Yellowstone National Park, Part 1. Wonders and delight

Yellowstone National Park (YNP), which is located mostly in Wyoming but also in Montana and Idaho, became the USA’s first national park on 1 March 1872. This year, the National Park Service was gearing up to celebrate Yellowstone’s 150th “birthday” and many visitors were expected.

Unfortunately, in June, storms led to catastrophic flooding of the park. Historic water levels caused mud and rock slides, leading to large-scale destruction of park infrastructure. Many road sections were destroyed and the town of Gardiner, at the North entrance, was devastated just as residents were welcoming the first summer visitors. Fortunately, significant progress has been made by the National Park Service throughout the summer and fall and entry into the park through the North and Northeast Entrance roads was restored in late 2022.

Wikimedia. Yellowstone flood event 2022- North Entrance Road washout. NPS/Jacob W. Frank

In late May, just before this episode of climatic devastation occurred, I had the very good fortune to travel through Yellowstone with my good friend, Joan. I’d visited YNP before, but this was my most enjoyable journey so far. I’d now like to share with you some of the sights we were privileged to see in a series of blogs (sometimes interspersed with some North Carolina wildlife sightings).

Yellowstone, which has a name based on an Indian word, is an area full of wonders and delight. You find yourself traveling through a large volcanic caldera — an immense depression left in the earth after a volcano erupts and then collapses in on itself. You are also in an area with the largest high-elevation lake in North America, a 670-mile waterway which is the longest free-flowing river in the Continental USA, and a spot where you are half-way between the equator and the North Pole. This area has had human occupants for at least 11,000 years according to archeological findings at nearly 2000 documented sites. Tragically, the settlers of European backgrounds and US authorities did all they could to drive the American Indian occupants away. Starting in 1886, when the US Army managed the Park, the US Cavalry patrolled it for 32 years to prevent the 27 modern-day associated tribes from hunting and gathering there. Finally, today, the Indian occupants are being rightfully acknowledged and highlighted in YNP educational and informational materials.In 1926, George LaVatta, Organizational Field Agent, led a group of Indians in costume into YNP. Bureau of Indian Affairs, U.S. National Archives and Records Administration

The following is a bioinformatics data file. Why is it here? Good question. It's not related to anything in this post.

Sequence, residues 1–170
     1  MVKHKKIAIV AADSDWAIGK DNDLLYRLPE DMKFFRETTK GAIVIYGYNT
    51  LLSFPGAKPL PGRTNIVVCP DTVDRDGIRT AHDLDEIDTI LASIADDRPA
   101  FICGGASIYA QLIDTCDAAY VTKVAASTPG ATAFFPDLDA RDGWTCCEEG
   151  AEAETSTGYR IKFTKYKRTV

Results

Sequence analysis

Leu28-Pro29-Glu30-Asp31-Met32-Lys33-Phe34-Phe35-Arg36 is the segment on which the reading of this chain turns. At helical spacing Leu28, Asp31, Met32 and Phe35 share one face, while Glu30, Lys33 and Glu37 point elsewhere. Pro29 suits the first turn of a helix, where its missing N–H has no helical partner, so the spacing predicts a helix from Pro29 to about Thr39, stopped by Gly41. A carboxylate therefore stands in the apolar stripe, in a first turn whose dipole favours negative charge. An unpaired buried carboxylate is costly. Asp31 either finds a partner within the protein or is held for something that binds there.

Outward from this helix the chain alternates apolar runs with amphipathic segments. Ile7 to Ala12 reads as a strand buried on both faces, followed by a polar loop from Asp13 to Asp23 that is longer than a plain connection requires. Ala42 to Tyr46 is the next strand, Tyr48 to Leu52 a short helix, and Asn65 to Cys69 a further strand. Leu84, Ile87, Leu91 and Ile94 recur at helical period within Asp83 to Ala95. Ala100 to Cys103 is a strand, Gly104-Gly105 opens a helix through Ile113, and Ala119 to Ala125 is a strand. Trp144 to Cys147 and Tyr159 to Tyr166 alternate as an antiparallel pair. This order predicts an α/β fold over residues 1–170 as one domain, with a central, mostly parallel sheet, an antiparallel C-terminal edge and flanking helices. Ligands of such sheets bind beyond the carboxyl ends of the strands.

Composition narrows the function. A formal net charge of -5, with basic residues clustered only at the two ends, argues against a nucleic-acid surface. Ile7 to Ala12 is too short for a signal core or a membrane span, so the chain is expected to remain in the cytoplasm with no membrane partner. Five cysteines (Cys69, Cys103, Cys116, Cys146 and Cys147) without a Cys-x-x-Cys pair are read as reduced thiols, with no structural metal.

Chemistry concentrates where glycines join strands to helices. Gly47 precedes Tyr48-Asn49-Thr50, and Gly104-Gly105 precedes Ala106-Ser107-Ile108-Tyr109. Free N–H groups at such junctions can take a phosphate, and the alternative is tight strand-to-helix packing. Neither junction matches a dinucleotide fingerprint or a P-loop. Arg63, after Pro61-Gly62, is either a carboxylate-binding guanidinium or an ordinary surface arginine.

To start off the blog series, I’ll introduce you to the place where Joan and I stayed: Gardiner, Montana, a town of only some 800-900 residents. The town comprises mostly hotels, shops and eateries. During the COVID pandemic, a couple restaurants burned down and were not replaced. We were there during the week before high season began and only a few of the remaining restaurants were open.

Neither Joan nor I were impressed with the cuisine on offer, so we began getting take-out at the local Gardiner market, a store with a nice broad selection of foodstuffs, some souvenirs and friendly staff who still served customers during a power outage.

While tourist season hadn’t begun, locals did show artwork and signs welcoming visitors.

                           

It was fairly easy to find places as there is only one main road with a limited number of side streets. A couple churches are prominent on the main drag, and one usually has some elk and/or or mule deer occupying space on their grounds.

Look well: there is an elk sheltering under the roof overhang.

  

There were warning signs here and there, reminding us of precautions for COVID and maintaining distance from wildlife, but this was disregarded in town.

   

Having walked through the backstreets to photograph birds, I can attest to the fact that it is not uncommon to turn around and find a deer or elk a couple feet behind you or moving just in front of you.

The Gardiner Catholic priest does attempt to prevent humans from taking up parking space.

A few of the houses along the main road had made some attempts at gardening, protecting plants from browsing mammals and being imaginative with rocks.

  

 

A little lending library was a nice touch, too.

As is the case in the Park proper, a great deal of care is given to avoiding trash on the ground. In 1970, open-pit garbage dumps were abolished in YNP, along with the nightly “bear shows” where visitors sitting on wooden bleachers watched bears eat garbage!

The local people do care about what is happening in the area and made this clear with signs.

     

In the park itself, visitors are warned not to move things around, like this geodetic marker.

$250 fine or imprisonment for disturbing this mark.

Our motel manager was friendly and told us about how the pandemic had made business difficult. In the past, many younger and retired people came to Gardiner and YNP to work in the motels, gift shops and other venues during the high season. I met some nice retired folks and students who had come for this reason (note the traveling home that someone had brought along).  The manager mentioned that there were now far fewer workers, however, and she and her son had been helping clean the motel rooms due to staff shortages.

When entry into YNP through the famous Roosevelt Arch was closed because of the June flooding, Gardiner took another post-pandemic blow. Hopefully, the town residents have been able to recover and can look forward to seeing more business in the seasons to come.